## Units for Rate Constants

$aR \to bP, Rate = -\frac{1}{a} \frac{d[R]}{dt} = \frac{1}{b}\frac{d[P]}{dt}$

Katie Frei 1L
Posts: 64
Joined: Fri Sep 28, 2018 12:27 am

### Units for Rate Constants

Is there an easy way to determine the units for rate constants for zeroth, first, and second-order reactions? Thank you!

abbydouglas1K
Posts: 65
Joined: Fri Sep 28, 2018 12:26 am

### Re: Units for Rate Constants

Basically the rate the reaction ((-1/a)(d[A]/dt)) is equal to mol x L^-1 x s ^-1. This rate is equal to the either k[A]^0, k[A]^1, k[A]^2 depending on whether or not the reaction is zeroth order, first order, or second order respectively. [A] represents the concentration of an unknown reactant and thus its units are mol x L^-1. The order of the reaction will be determined then by the power to which [A] is raised, which what you will divide the rate by as to solve for.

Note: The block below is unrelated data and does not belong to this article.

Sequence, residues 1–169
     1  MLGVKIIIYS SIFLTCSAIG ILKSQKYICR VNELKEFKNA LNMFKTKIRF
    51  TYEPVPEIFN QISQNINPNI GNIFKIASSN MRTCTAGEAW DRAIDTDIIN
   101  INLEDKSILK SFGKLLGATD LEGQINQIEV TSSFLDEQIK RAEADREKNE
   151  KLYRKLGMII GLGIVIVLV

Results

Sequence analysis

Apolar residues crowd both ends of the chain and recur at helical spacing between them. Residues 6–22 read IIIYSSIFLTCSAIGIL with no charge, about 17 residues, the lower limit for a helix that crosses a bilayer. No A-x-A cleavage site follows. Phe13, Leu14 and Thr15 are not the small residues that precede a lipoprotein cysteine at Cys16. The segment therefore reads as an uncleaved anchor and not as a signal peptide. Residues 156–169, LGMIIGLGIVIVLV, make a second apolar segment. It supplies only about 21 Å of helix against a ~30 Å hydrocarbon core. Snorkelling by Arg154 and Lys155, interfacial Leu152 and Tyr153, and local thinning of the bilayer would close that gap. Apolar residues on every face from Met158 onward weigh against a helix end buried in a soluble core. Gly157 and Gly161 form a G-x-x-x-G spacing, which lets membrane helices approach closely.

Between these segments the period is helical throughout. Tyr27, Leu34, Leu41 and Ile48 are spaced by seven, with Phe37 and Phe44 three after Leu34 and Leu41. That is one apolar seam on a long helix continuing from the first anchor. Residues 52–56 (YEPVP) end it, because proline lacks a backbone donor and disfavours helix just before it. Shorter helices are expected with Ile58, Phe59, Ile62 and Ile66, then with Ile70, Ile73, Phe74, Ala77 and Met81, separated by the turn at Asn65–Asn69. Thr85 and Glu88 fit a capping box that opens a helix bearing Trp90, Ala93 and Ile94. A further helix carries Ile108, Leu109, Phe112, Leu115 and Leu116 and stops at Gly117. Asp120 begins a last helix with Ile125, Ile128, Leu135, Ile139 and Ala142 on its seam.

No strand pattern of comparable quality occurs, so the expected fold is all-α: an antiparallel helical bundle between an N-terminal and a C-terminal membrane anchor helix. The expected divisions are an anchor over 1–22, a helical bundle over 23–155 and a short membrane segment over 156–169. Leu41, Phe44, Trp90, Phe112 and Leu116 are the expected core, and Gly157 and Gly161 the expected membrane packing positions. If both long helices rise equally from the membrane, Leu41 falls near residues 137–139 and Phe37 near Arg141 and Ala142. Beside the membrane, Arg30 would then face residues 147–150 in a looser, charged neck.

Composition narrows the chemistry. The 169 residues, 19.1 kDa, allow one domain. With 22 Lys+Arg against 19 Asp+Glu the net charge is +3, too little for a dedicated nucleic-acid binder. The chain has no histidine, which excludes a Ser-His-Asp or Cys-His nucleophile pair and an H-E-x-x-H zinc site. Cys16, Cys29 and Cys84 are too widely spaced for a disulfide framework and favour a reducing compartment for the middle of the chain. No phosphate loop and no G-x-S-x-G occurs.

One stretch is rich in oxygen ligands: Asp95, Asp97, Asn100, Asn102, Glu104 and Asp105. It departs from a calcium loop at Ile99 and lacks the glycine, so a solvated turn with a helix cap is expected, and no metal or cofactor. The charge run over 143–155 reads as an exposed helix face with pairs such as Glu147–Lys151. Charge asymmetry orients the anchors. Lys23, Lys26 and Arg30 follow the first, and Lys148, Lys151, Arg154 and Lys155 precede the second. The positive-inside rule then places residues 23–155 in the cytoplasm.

Ex: k= ((-1/a)(d[A]/dt)) / ([A]) = ( mol x L^-1 x s ^-1) / ( mol x L^-1) = s^-1

Tatum Keichline 2B
Posts: 64
Joined: Fri Sep 28, 2018 12:26 am

### Re: Units for Rate Constants

mol/Ls zero and first
1/mol/Ls second order

Henry Dudley 1G
Posts: 61
Joined: Fri Sep 28, 2018 12:16 am

### Re: Units for Rate Constants

In the textbook there are questions with answers that have units in L per mol. Why is this and how do you generally determine the units for rate constants?

BenJohnson1H
Posts: 68
Joined: Fri Sep 28, 2018 12:17 am

### Re: Units for Rate Constants

In the review session today, the TA said that using L is also acceptable. It's simply expanding molarity:)

Elizabeth Kim 4E
Posts: 60
Joined: Fri Sep 28, 2018 12:29 am

### Re: Units for Rate Constants

mol/L and then 1/mol/L for second order